Some sort of male celebration has been going on outside for the past half hour: cars being driven around with full-throated horns and roaring cheers. It occurs to me that if I heard such a din in Northern Ireland I would be at least annoyed and probably rather frightened. I don’t know whether the actual sounds here are unthreatening or whether it’s just that I know it’ll be a question of football. I don’t know which victory, though; didn’t notice anything particular on the news. I hope it’s not Manchester United who, even the Italian news report, secured the Premier League title today by drawing with Arsenal. Surely the evil tentacles of globalization haven’t quite reached so far. Unless it’s an eve-of-Giro-tappa-celebration, which would make it even more Italian and even less irritating; hard to imagine British youths welcoming a bike race with such gusto, Sir Chris Hoy or no.
Another fifteen minutes and the din is redoubled. A good thing that I wasn’t really attached to the early night plan.
Sunday May 17th
The Giro is due to start at eleven, so I am ready and waiting at the Piazzo Duomo by twenty past ten. I really ought to know better. At around one o’clock, after urgent conversations by telefonini and radios, and lots of typically Italian civic stuff with school children and local dignitaries, the first special guests begin to arrive for the opening ceremony. By now I am bright red from the sun and have changed places in the piazza countless times in the hope of finding a good viewpoint.
But today the gods, or maybe Saint Ambrose, are looking after me for I find myself in a blessed corner with a good view of the stage. What’s more, I am just one row back from the arriving corridori (riders, not corridors) and V.I.P.s (pronounced Veeps in Italy). To my joy, the first Veep is our old Lucchese neighbour Mario Cipolini who used to go on practice rides past our house and one glanced quizzically, but not without approval, at my little red Moulton. After Mario come more superstars of Italian cycling; Paolo Bettini and Danilo di Luca, and finally, following a drawn out and teasing build-up, and description as a ‘space cowboy’ which I’m not sure he appreciates, Lance Armstrong.
After the opening ceremony I meander with the crowd to the Castello Sforzesco. The race consists of eleven circuits of the city centre and the green area surrounding the Castello looks like one of the best vantage points. I can sit in comfort on the grass, getting up when warned by the first police motorbike to stand at the side of the road to watch the peleton go by. I watch three of the circuits consecutively, though I’m confused by the timing; according to my calculations they should reappear every ten minutes, but it turns out to be more like fifteen or twenty. Later my arithmetic is to be vindicated but for now I just assume that I’ve got in a mental muddle.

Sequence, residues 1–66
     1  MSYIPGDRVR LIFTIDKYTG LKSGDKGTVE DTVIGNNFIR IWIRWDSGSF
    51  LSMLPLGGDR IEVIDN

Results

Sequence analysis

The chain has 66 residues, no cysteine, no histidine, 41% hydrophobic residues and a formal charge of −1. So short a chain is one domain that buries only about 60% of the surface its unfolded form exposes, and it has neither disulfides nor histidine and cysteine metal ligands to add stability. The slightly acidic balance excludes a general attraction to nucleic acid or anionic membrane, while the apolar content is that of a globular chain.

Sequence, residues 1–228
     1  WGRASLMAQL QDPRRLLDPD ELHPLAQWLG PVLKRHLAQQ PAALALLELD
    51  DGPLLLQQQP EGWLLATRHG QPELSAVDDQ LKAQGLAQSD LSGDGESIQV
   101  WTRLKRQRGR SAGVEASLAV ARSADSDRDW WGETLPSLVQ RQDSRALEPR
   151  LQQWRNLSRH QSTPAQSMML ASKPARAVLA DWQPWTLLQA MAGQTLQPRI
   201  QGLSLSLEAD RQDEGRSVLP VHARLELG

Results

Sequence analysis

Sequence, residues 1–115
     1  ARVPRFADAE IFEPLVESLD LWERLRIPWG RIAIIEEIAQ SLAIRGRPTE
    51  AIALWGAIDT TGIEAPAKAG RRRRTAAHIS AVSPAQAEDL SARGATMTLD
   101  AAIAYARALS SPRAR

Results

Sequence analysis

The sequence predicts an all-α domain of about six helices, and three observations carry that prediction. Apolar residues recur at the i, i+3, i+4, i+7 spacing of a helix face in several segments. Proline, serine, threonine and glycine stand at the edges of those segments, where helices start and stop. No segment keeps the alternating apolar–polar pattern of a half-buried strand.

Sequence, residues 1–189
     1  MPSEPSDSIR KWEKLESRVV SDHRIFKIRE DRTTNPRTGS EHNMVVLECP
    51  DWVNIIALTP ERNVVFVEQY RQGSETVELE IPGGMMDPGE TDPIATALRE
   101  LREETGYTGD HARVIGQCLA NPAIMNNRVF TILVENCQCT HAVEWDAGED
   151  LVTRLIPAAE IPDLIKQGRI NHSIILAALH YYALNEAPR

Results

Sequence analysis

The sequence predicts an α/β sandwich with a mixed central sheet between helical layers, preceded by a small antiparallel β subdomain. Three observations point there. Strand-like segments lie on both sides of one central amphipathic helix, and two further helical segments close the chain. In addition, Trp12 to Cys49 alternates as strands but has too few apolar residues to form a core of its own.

Before the fourth I decide to pause my transformation into a lobster – two Senegalese traders have already remarked on my colour, one suggesting that I will soon look like him – so I go into the shady Castello and pay my three euro entry fee for the complex. This includes six museums, but I miss out the prehistoric and Egyptian ones and most of the furniture, being totally overwhelmed by the sculpture and paintings including Michelango’s unfinished Rondanini Pieta (more mysterious and moving than the smooth perfection of the Vatican version) and pictures by Filippo Lippi and Canaletto. I’ve never been to the big Italian art galleries – not even the Uffizi – but this one is completely breathtaking, even more so as it is so quiet and empty. I wonder whether they’d get more visitors if they charged twenty euro but meanwhile am profoundly grateful and determined to come back again with more time. There is also a museum of musical instruments with weird nineteenth century guitars that I might use to tempt the boys into a future trip.
Afterwards I go to mass at the Cathedral, visit a few more bookshops, listen to a brass band and stop for a pizza. At the table behind me an Australian is explaining to a couple of Americans that he stayed in Italy for a couple of extra days after his business trip in order to see the Giro. When the Americans leave, I ask him whether he saw the finish. It turns out that the riders had safety concerns about the route (he didn’t know exactly what, but I wonder whether it might be at least partly those ubiquitous tram lines, which are a perfect size to trap a wheel) and so they made a collective decision to ride deliberately slowly for most of the race. At the last circuit the sprinters were let off the leash and Mark Cavendish won, with an Ozzie (sorry, I’ve forgotten who) in second.